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Instructional Technology Adoption Strategies for College of Education Faculty
PROCEEDINGS

, National-Louis University, United States

Society for Information Technology & Teacher Education International Conference, in Nashville, Tennessee, USA ISBN 978-1-880094-84-6 Publisher: Association for the Advancement of Computing in Education (AACE), Chesapeake, VA

Abstract

The findings of this study assist in the identification of the best techniques for professional developers to consider when encouraging college of education faculty members to adopt instructional technology (IT). Multi-year survey data, Q Methodology, and videotaped interviews were used to identify three distinct groups of IT-using faculty: Innovative Everyday IT-using Educators; Experienced, but Skeptical IT-using Educators; and Purposeful IT-using Educators. Professional development techniques are also aligned to each group to suit their needs. Using Rogers’ “Diffusion of Innovation” theories of complexity, compatibility, relative advantage, observability, and trialability as a framework, this study also investigates TPACK, lines of communication, and motivational factors. An online collection of 224 carefully edited video-taped comments from college of education faculty is aligned to these concepts and can be found at the author’s website. By design, this study creates a mechanism whereby faculty could learn “virtually” from other faculty about their use of IT.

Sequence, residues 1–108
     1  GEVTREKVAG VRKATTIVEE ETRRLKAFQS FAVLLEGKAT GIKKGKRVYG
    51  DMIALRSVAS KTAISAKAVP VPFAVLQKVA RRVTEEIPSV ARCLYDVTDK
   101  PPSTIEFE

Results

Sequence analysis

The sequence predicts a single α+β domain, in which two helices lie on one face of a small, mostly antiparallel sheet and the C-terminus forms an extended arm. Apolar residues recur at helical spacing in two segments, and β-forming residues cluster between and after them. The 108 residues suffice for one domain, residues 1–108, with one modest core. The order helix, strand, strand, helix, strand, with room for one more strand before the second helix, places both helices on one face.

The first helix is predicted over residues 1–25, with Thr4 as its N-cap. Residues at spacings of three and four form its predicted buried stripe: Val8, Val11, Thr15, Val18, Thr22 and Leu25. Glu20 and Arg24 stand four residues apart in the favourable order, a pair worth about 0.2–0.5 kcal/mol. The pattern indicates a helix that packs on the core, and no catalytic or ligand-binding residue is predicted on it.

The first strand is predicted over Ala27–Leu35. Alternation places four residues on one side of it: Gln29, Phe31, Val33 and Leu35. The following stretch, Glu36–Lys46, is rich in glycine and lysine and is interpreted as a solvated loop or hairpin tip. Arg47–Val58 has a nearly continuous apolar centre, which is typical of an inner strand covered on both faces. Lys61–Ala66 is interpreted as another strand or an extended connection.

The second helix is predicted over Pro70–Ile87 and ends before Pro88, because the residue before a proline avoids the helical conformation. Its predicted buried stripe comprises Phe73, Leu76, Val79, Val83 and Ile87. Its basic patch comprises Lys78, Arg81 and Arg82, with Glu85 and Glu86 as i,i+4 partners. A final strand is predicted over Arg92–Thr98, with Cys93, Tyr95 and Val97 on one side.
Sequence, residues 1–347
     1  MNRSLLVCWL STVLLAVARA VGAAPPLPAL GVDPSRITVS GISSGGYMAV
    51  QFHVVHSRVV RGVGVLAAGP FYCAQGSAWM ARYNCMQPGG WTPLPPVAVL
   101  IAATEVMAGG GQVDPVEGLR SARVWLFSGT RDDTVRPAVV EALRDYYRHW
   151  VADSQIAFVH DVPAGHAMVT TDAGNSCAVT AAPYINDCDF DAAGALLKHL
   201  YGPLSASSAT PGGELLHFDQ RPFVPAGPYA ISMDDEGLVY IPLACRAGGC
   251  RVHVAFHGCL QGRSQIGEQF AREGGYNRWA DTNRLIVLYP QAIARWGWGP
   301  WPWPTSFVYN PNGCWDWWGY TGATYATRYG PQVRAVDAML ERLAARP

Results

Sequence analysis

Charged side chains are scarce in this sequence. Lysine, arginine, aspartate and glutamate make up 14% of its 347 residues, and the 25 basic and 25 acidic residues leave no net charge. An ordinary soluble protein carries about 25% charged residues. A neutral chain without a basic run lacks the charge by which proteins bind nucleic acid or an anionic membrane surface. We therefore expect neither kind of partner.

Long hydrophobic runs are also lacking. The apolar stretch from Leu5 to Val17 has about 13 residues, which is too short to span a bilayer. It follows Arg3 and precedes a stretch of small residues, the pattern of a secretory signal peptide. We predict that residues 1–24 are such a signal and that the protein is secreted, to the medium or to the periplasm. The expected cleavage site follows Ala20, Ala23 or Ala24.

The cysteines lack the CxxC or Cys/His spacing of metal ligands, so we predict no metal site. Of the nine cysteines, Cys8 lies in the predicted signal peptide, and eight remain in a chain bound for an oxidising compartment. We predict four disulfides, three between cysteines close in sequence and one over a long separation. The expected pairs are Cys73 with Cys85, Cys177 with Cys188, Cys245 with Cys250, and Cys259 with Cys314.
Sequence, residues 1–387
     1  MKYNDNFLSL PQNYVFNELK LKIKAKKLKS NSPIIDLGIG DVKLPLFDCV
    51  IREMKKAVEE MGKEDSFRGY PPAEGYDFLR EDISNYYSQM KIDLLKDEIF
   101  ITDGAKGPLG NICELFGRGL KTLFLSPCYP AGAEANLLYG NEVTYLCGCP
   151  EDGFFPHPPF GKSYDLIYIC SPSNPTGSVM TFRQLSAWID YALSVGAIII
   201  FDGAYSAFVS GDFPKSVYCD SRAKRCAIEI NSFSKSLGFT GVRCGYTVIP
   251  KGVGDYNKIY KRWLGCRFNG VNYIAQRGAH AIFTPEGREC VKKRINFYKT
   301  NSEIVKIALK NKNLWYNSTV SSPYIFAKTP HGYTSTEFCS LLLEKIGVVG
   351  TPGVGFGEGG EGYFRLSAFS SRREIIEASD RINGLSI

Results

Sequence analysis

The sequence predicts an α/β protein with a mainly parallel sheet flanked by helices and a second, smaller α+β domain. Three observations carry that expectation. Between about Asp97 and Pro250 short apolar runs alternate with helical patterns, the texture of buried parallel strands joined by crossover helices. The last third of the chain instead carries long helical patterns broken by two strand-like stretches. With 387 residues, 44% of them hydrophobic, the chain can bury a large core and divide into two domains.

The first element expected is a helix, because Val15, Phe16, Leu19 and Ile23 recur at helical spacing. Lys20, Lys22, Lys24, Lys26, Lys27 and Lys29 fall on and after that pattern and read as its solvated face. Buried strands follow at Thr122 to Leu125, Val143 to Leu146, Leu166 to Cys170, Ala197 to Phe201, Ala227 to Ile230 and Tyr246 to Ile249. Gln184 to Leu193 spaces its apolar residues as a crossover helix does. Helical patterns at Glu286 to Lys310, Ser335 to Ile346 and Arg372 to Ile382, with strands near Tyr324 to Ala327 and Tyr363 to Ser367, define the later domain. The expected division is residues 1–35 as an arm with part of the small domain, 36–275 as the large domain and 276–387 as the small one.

Citation

Bowe, R. (2011). Instructional Technology Adoption Strategies for College of Education Faculty. In M. Koehler & P. Mishra (Eds.), Proceedings of SITE 2011--Society for Information Technology & Teacher Education International Conference (pp. 1778-1785). Nashville, Tennessee, USA: Association for the Advancement of Computing in Education (AACE). Retrieved March 23, 2019 from .

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